- With the current data drag affecting buy side firms, developers are already firefighting the massive backlog of data errors, even building in-house technology to tackle the complexities their colleagues face in reconciliation.
- When that’s not happening, there is the small matter of stringent operational governance, which exists to keep order and mitigate the very real risks to the wider (often fragile and interdependent) operational ecosystem. Even with the right guidelines and measures in place, the ability to write code creatively and freely would be difficult to realise. The perceived freedom and the reality are just not the same.
Low-code, no-code Vs Interoperability
The biggest operational constraint asset managers face today is aggregating and translating investment data from multiple systems and interfaces, into one standardised, language, to provide an accurate and real-time whole office view.
Low-code, no-code systems must be, by design, ‘opinionated’ about how they work. This is a prerequisite for turning a complex problem into a simple experience for users. Unless all the systems have the same opinions and definitions (for example, what constitutes a financial instrument), the ability to interoperate becomes impossible. Providers such as FINBOURNE are working to remedy this today, doing the hard integration work to create technical standards and well-defined APIs. This will provide a low-code route, to integrate different asset management technologies, giving firms the flexibility and niche, they desire.
If not low-code, no-code, then what? Solving this horizontal problem, requires true interoperability, including the use of open architecture and APIs. It requires technology that is far more advanced than legacy systems which are no longer fit for purpose, and even the broad but indistinct functionality that incumbent front-to-back systems provide.
What is needed is a new benchmark for accessing, understanding and controlling organisational data across the system landscape; delivered not only in true real-time but with a complete audit trail.
Stepping up the game with Bitemporal data
If we look at the data management complexities that exist in an organisation, they boil down to either delay and/or uncertainty. This is where we believe the value of bitemporal data really steps up the game. With bitemporal data, firms can easily rewind and access this data along across timelines. You see not only the effective date (e.g. when a trade actually happened) but also the as-at date: the date the trade was recorded in the system. Bitemporal data in this context means you can enter back-dated trades, or delete and re-book incorrect trades. By visualising the data bitemporally, you have clarity on what a portfolio holds, effective at any given point in history, as-at any point in history.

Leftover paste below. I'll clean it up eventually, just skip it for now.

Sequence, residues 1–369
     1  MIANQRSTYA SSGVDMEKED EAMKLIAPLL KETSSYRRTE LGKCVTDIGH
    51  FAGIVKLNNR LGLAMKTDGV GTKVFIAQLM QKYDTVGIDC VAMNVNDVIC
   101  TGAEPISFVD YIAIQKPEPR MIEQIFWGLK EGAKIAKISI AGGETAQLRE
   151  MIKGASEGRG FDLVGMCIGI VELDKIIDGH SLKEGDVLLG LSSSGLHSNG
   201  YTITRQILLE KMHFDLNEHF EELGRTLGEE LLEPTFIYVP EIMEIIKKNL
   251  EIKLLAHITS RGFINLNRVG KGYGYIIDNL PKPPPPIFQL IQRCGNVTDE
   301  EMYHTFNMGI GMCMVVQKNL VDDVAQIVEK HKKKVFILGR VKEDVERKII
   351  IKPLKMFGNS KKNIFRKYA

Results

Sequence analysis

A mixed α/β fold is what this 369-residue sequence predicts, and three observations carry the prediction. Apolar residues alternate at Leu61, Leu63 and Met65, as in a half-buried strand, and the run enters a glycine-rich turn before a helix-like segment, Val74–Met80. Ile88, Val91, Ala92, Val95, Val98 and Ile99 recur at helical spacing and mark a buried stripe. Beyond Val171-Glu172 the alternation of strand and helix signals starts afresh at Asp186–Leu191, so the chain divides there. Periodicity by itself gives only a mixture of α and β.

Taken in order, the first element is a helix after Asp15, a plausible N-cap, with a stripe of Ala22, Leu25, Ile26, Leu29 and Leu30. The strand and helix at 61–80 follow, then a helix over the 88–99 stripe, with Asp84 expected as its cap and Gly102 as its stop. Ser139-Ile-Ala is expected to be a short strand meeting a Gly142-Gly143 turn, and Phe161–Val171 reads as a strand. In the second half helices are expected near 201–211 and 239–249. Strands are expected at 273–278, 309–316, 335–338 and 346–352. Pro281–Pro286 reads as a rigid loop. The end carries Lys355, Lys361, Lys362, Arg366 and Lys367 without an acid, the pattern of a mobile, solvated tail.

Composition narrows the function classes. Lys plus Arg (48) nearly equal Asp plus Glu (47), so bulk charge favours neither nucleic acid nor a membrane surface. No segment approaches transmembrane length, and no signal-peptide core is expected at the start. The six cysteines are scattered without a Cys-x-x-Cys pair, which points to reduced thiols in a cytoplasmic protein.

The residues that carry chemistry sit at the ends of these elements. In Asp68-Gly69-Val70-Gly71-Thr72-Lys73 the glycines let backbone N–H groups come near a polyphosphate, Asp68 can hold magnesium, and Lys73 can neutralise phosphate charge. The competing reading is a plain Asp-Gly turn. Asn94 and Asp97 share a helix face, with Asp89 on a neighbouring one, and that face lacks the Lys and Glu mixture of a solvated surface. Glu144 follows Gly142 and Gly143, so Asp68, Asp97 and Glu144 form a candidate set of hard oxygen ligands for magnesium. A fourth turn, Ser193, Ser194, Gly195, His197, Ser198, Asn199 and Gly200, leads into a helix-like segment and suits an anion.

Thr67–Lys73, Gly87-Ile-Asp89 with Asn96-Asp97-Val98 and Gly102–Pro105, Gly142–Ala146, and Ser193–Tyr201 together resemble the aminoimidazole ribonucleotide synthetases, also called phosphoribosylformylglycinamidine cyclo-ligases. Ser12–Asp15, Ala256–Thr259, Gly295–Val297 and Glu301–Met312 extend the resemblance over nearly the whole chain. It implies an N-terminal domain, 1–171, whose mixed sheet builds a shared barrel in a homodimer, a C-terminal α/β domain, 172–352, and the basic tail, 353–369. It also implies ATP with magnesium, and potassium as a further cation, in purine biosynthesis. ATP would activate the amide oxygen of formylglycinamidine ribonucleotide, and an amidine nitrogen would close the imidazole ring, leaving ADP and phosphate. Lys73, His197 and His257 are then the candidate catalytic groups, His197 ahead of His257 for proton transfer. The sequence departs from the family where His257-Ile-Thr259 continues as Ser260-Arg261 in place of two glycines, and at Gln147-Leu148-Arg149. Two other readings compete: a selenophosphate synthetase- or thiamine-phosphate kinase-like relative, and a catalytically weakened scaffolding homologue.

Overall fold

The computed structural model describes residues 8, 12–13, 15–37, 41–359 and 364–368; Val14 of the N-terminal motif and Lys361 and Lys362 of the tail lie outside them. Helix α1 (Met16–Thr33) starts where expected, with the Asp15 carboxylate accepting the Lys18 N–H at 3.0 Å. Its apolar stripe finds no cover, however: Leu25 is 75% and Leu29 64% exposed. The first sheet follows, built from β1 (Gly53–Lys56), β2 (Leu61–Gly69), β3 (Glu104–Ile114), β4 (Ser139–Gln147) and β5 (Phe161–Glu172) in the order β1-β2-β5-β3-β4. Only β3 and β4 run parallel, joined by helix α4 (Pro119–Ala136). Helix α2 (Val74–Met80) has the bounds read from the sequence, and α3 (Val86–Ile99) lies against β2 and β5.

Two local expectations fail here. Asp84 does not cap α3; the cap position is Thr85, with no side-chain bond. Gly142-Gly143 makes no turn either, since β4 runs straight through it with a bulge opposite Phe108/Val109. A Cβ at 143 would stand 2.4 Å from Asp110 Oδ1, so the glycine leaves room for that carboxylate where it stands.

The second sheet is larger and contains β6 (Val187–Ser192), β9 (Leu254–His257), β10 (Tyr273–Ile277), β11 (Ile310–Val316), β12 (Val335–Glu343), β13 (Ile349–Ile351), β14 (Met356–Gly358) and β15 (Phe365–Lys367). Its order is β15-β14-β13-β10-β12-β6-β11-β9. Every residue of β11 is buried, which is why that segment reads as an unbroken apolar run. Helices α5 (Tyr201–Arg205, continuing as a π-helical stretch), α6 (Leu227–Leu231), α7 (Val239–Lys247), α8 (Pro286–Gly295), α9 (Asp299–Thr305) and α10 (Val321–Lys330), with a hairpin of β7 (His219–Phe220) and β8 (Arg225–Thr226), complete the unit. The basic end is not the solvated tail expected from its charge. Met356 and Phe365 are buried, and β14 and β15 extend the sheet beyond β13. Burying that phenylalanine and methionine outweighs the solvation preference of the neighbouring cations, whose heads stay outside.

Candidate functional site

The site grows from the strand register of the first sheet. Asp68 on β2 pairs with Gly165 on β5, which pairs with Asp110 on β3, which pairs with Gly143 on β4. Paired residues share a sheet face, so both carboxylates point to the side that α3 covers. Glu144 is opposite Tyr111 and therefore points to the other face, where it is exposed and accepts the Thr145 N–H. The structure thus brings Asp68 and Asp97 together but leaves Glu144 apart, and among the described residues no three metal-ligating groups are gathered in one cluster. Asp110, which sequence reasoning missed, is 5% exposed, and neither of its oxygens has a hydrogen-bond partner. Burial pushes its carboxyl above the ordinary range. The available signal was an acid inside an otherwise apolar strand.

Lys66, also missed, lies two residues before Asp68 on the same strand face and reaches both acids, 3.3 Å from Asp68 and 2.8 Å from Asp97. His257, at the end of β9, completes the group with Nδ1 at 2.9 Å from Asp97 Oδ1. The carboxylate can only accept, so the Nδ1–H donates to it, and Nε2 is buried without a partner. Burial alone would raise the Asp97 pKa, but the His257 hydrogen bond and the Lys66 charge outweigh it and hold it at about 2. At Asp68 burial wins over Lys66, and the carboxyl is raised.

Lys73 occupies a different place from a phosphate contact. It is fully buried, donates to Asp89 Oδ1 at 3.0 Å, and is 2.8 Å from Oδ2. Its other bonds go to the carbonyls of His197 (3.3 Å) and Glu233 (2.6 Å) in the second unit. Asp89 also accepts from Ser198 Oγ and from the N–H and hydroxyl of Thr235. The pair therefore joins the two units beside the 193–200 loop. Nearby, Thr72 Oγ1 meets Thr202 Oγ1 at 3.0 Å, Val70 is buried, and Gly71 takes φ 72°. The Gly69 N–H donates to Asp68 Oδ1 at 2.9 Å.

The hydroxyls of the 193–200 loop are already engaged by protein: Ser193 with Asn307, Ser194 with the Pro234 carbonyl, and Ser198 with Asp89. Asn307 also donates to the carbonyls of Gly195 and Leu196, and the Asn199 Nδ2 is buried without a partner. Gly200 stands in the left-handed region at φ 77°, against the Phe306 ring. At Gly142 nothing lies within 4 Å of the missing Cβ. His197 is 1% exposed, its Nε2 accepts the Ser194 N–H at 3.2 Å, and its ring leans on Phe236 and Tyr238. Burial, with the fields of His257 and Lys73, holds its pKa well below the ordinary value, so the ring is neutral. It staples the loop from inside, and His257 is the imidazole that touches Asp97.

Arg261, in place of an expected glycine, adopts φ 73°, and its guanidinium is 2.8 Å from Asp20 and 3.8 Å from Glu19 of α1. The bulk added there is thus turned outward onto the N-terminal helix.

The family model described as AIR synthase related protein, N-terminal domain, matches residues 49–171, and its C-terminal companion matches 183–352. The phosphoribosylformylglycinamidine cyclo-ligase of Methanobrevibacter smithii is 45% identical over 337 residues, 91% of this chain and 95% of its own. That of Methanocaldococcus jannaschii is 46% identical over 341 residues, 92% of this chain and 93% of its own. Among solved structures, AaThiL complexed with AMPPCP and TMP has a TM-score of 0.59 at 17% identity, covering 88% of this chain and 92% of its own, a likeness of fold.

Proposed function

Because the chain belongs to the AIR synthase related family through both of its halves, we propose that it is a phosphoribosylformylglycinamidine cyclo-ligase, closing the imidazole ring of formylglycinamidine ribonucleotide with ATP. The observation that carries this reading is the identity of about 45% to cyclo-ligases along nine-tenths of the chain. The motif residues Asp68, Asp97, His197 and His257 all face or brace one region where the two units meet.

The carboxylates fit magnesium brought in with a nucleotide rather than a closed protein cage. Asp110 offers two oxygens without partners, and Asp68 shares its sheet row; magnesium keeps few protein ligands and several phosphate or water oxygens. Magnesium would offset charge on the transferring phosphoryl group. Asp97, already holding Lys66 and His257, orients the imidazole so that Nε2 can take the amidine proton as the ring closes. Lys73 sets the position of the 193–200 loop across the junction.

The above reconciliation example is just one of the many use-cases where bitemporal data can augment an investment process. There are also clear benefits across performance, risk and reporting, to business intelligence and distribution. Aside from investment functions, the impact to the business is manifold: liberating and empowering operational resources to move away from endless hours of manual effort and enabling buy-side firms to leverage the skills and talent available for high value (alpha generation) tasks.
To summarise, there is no reason that low-code, no-code cannot happily exist within buy-side operations, as long as firms fully understand the boundaries within which it can be applied. In the end, its interoperability and bitemporality; the ability to examine data across different points in time, that will provide a long-term solution to operational pain, and deliver the much-needed flexibility and control firms need to succeed.